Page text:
- The Washington Times - Monday, December 11, 2006

12:52 p.m.

HALIFAX, Nova Scotia — A daughter of hockey great Bob Gainey was still missing today after she was washed overboard in the Atlantic during a storm while working on a sailing ship bound for the Caribbean.

A Canadian C-130 Hercules has joined the search for Laura Gainey, who was thrown from the 180-foot boat Friday night and was not wearing a lifejacket. The search aircraft relieved an American plane that had been scouring the ocean for the 25-year-old daughter of the Montreal Canadiens’ general manager.

Matthew Brooks, a civilian search and rescue specialist with the U.S. Coast Guard, said there was still no sign of her.

She was aboard the Picton Castle, a training vessel, when a wave tossed her into the sea about 475 miles southeast of Cape Cod, Mass. The crew dropped radar deflectors and lighted buoys in the water when they realized she was missing.

Mr. Brooks said U.S. air rescuers used infrared night-vision goggles to search the dark waters late yesterday. American and Canadian search aircraft later dropped data buoys in the area.

“They talk to us via satellite, and they send us positions on the hour,” Mr. Brooks said. “This is the best way to tell us how the water is moving.”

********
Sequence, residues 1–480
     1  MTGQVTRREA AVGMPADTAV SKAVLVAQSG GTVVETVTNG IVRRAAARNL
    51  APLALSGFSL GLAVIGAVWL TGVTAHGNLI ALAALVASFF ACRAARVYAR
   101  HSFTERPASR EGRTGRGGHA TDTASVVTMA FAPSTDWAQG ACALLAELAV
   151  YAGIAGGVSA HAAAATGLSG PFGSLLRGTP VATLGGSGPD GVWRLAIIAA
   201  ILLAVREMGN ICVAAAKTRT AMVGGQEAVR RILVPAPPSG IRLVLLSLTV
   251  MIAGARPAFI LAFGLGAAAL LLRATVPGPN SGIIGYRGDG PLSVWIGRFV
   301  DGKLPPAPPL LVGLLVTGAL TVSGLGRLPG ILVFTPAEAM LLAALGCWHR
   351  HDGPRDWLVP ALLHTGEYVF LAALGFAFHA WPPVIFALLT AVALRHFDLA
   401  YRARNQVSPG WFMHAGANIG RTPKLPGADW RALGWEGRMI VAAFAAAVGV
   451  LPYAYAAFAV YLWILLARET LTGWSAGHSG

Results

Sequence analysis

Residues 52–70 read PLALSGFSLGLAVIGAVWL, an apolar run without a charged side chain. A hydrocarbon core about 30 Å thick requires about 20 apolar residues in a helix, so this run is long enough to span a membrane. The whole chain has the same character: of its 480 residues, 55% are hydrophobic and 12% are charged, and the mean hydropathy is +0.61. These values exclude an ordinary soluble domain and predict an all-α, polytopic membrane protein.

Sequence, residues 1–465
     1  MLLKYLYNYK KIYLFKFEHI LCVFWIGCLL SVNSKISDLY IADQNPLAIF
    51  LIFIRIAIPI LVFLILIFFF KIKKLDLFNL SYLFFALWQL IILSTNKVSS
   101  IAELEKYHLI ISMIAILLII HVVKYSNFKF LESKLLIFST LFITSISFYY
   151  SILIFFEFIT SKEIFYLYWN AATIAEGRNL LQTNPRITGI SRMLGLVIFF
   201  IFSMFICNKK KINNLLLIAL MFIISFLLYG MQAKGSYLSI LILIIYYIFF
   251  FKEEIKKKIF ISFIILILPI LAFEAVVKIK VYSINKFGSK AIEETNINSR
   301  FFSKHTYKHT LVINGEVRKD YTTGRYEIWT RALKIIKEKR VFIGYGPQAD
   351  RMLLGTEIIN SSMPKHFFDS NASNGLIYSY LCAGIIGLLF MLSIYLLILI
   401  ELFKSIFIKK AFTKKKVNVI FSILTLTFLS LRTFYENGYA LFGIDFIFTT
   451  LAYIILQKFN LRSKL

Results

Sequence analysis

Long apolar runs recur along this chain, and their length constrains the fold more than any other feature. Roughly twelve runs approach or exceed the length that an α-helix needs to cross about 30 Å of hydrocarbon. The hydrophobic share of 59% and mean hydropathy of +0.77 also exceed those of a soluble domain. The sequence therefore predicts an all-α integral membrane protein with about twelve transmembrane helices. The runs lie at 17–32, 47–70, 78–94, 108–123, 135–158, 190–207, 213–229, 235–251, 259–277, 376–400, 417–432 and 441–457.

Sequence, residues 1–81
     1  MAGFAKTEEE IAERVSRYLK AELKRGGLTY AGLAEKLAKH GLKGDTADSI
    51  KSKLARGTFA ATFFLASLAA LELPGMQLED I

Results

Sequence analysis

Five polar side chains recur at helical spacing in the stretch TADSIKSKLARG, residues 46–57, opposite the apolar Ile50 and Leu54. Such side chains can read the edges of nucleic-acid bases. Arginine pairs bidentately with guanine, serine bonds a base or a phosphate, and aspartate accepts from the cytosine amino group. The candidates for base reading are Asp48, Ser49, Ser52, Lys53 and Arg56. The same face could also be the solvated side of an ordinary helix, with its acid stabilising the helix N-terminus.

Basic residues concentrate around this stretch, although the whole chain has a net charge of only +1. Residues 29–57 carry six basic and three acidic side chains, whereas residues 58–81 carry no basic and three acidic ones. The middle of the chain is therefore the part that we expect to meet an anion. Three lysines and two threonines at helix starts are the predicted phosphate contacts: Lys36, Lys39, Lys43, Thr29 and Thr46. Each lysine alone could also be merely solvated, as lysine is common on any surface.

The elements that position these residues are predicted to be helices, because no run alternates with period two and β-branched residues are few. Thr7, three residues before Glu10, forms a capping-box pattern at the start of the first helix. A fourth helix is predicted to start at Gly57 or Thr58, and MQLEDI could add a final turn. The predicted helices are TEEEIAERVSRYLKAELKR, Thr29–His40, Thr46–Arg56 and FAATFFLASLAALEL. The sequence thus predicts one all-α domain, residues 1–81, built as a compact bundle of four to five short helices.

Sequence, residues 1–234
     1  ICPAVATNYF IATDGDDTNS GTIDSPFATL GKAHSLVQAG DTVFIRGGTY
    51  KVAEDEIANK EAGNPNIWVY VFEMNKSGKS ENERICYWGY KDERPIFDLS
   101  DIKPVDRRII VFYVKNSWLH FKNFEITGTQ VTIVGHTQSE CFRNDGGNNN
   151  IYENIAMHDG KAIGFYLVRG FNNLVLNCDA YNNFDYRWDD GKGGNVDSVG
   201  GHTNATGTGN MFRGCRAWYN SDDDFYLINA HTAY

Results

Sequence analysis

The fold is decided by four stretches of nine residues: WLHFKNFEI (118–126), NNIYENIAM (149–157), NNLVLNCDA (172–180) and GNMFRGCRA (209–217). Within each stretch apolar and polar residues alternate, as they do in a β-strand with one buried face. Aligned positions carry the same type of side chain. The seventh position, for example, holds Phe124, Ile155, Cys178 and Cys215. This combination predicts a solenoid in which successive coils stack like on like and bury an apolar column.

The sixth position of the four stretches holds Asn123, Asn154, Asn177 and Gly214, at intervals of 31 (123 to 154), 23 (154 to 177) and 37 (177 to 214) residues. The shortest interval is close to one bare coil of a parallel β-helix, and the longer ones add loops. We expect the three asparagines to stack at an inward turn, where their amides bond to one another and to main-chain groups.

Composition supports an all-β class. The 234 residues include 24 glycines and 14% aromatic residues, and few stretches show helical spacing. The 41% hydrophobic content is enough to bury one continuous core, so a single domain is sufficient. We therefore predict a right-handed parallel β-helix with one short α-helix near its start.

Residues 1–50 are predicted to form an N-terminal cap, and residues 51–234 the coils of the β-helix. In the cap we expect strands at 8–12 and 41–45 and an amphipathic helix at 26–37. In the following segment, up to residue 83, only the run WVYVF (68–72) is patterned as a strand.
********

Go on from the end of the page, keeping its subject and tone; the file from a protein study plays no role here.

Miss Gainey is a good swimmer and was wearing warm protective clothing. She has been in the water about 60 hours, and the U.S. Coast Guard says life-threatening hypothermia ordinarily sets in after 36 hours.

With the weather improving today, two merchant vessels and the sailing ship remained in the area and a Hercules from North Carolina was expected to join the search this afternoon.

Miss Gainey climbed aboard the square-rigged, three-masted ship last spring in Cape Town, South Africa. The ship’s Web site shows a photo of her in a swimsuit and laughing.

The Canadiens said assistant general manager Pierre Gauthier will handle Bob Gainey’s responsibilities for now. Mr. Gainey also holds the title of executive vice president.

A member of the hockey Hall of Fame, Mr. Gainey won five Stanley Cups with Montreal during a 16-year career from 1973 to 1989. He also won a championship as general manager of the Dallas Stars in 1999. His wife, Cathy, died of brain cancer in 1995 at 39.

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